Continuing on from my previous post comparing scenes from episodes 23 and 24 of Mobile Suit Gundam Iron-Blooded Orphans with real-life Edmonton, here is a look at the places shown in episode 25. While many of the backgrounds stay true to what Edmonton actually looks like, there are a few minor differences which I will point out below.
At the start of the episode, Mika and Ein are still battling it out at the intersection of 109 Street and Jasper Avenue.
Meanwhile, Orga races down 100 Avenue on his way to the Arbrau Parliament. This particular spot is where the High Level Bridge Streetcar crosses 100 Avenue. If you’re ever in Edmonton during the summer, you can take a round-trip ride on a streetcar for $6, which takes you between Old Strathcona and Jasper Plaza and crosses Edmonton’s iconic High Level Bridge. One of the streetcars (Edmonton 33) was originally built back in 1912!
As Ein has the upper hand against Mika, he pushes him back towards 108 Street where you can see that a Money Mart on the corner has now been turned into a Monkey Mart. If you look South down 108 Street you have a beautiful shot of the Alberta Legislature.
This is again at the intersection of 108 Street and Jasper Avenue. Like with the signs I mentioned in my previous post, the construction fence along the sidewalk has again been turned into a permanent structure, this time it looks like a small 2-storey store.
The hideout that Orga uses really confused me for a while. The house they show in the anime is typical of what you’d find in an older Edmonton neighbourhood, but for the life of me I couldn’t think of one with a green roof by itself downtown. It wasn’t until I noticed the pattern of the building on the left as being part of the Telus Toll Building that I realized what the animators had done. Instead of taking a real place in Edmonton, they took several buildings from around the city and put them on one fictional street.
Anyone who spends a lot of time driving around downtown will recognize this area as being 104 Street just South of Jasper Avenue. That distinctive red lining on that parkade to the left is unmistakable.
This blockade is at the intersection of 105 Street and 100 Avenue, facing North. You can see the distinctive red Atco Tower. Interestingly, they got rid of the First Presbyterian Church and Holiday Inn Express and turned that area into a park. Personally, I think they should’ve changed the angle a bit so that you can see the Giant Transition mural on the side of the John Howard Society building.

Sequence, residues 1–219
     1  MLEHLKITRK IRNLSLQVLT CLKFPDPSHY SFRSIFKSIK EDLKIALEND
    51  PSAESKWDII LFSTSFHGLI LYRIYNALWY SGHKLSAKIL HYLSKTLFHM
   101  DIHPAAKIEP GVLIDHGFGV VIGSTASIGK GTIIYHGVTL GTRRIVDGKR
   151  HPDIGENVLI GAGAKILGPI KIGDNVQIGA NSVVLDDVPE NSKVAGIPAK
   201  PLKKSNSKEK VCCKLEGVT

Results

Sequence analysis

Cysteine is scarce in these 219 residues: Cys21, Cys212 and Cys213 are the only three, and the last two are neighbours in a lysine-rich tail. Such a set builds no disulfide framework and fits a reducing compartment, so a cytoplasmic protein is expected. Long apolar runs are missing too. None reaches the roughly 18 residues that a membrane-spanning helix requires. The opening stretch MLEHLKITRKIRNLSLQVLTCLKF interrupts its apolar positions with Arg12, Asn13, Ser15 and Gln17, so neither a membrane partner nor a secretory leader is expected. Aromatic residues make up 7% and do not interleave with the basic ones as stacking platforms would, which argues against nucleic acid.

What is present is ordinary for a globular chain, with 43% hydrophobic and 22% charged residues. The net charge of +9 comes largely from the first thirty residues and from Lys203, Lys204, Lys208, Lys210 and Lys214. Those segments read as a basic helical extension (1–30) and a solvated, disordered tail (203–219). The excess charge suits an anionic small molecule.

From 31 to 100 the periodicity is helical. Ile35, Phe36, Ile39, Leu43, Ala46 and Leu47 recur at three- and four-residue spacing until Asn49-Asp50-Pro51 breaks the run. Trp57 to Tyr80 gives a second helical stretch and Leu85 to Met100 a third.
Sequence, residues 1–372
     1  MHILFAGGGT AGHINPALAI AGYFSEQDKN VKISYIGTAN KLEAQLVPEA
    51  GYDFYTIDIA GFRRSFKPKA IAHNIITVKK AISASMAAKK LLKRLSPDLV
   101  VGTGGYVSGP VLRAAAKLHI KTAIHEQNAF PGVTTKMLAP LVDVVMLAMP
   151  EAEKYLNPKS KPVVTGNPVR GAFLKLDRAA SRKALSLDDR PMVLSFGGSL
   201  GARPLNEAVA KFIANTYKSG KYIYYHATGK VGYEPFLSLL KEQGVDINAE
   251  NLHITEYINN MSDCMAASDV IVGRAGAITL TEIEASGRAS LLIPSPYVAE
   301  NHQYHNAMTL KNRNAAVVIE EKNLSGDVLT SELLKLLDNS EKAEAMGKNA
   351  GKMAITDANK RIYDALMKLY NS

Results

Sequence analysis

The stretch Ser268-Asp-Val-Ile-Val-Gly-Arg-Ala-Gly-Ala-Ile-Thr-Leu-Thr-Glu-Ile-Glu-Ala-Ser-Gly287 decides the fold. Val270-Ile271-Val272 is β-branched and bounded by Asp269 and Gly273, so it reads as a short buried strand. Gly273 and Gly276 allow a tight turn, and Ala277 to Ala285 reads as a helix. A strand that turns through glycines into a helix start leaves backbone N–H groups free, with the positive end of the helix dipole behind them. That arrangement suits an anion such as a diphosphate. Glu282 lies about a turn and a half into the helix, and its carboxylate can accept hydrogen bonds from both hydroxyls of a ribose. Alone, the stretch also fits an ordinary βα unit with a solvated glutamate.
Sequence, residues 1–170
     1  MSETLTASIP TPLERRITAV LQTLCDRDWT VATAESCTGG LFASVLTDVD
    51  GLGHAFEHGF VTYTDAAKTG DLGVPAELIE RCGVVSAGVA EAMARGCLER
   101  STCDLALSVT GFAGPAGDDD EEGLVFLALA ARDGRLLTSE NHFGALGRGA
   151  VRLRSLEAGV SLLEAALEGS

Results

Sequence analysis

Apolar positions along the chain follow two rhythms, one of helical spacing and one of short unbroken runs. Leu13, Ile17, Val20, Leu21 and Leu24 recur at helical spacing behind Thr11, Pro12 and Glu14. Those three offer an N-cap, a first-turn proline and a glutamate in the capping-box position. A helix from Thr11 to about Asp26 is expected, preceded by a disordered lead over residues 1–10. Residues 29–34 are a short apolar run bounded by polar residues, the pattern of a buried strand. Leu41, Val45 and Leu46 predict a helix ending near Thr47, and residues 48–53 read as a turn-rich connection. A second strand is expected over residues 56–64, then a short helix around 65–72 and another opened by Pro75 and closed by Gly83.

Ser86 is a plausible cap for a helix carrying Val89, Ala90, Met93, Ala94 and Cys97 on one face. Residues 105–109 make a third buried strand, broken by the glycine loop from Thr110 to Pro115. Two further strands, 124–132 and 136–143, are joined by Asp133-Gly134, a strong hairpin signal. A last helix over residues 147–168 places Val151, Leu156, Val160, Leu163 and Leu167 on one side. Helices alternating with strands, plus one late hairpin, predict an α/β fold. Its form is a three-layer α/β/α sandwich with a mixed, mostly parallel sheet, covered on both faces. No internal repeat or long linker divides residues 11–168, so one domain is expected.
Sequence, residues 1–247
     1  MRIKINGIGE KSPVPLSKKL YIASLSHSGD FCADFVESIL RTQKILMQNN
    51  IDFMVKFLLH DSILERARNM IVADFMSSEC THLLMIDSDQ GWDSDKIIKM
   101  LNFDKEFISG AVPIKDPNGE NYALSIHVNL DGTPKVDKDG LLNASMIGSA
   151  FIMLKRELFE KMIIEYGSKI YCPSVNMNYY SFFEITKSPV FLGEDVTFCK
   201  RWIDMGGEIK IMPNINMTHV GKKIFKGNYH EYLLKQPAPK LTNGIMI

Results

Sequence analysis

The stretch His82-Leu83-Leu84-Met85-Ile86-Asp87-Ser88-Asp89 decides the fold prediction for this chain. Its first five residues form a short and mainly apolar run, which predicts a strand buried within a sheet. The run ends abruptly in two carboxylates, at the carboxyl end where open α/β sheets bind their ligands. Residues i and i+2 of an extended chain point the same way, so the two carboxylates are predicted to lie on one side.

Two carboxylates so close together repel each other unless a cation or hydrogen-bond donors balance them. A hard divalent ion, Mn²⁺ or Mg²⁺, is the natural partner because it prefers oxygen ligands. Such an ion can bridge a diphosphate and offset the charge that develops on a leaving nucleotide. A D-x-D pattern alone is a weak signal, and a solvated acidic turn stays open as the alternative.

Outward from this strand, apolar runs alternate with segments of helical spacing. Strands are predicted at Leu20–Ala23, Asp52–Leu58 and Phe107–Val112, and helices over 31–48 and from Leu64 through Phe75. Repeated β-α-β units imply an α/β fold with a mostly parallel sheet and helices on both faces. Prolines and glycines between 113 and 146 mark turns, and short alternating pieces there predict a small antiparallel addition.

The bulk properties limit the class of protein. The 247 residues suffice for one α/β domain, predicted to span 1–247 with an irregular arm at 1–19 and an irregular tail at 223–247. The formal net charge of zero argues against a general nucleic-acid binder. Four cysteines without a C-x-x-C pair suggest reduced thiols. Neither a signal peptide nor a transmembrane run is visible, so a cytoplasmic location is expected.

Going back to the battle between Mika and Ein, it looks like Edmonton suffers its first building casualty with the Barbados slamming into the side of the Standard Life Building.
Here’s the view from where Barbados fell. Considering the lengths that anime take to alter corporate logos, I’m surprised that they didn’t change the swirl on top of the Coast Plaza.
Now that Ein has the upper hand, he kicks Mika further down Jasper Avenue.
This was an interesting scene. At first you could swear from the anime that it’s Edmonton, but if you actually take a close look, very few things actually match the real skyline (though to be fair, I would hope Edmonton gets a few more buildings after 300+ years). The only things that really give it away are the Icon Towers and the Century towards the foreground. From their position, you can see that Takaki is standing on top of Manulife Place.
Here, Orga is back on Jasper Avenue at the intersection with 103 Street.
You can see Enterprise Square on the left as Orga watches the battle between Ein and Mika.
By this point, the battle has moved down 7 blocks to 102 Street, just outside Commerce Place.
Although the building on the left is still recognizable as Enbridge Tower, it looks like in the anime they’ve replaced some of the glass with concrete and chopped off the pointy part at the top. I wonder if the animators just didn’t see the top, because they do show it in previous scenes.
Mika finally wins the battle here at 102 Street and Jasper Avenue. If you’re still around 300 years into the future and want to watch the battle play out while enjoying a hot coffee and doughnut, there is a Tim Hortons at the corner :)
I’m sure many of you might be wondering why the producers decided to have the final battle in Edmonton, a little-known Canadian city with a slight inferiority complex that is sometimes referred to as “Deadmonton”. I honestly don’t know, but I do have a guess. Towards the end of the episode, there is a scene on one of the space colonies, that you can see below:
I believe they showed this area before in a previous episode and while I thought it looked familiar, I didn’t link it to Edmonton until now. When you enter the Shaw Conference Centre from Jasper Avenue, you are greeted with a completely glass roof and look down on several layers of trees, plants, and fountains, much like what you see in the anime.
Considering the heavy focus on Jasper Avenue and the similarities of this scene to the Shaw Conference Centre, I’m guessing that one of the producers probably came to Edmonton for business of some type at the conference centre, which would’ve just given him time to walk down Jasper. Whatever the reason behind it, I’m glad that the Gundam producers decided to showcase Edmonton and I welcome any Gundam fans now planning a trip to my city.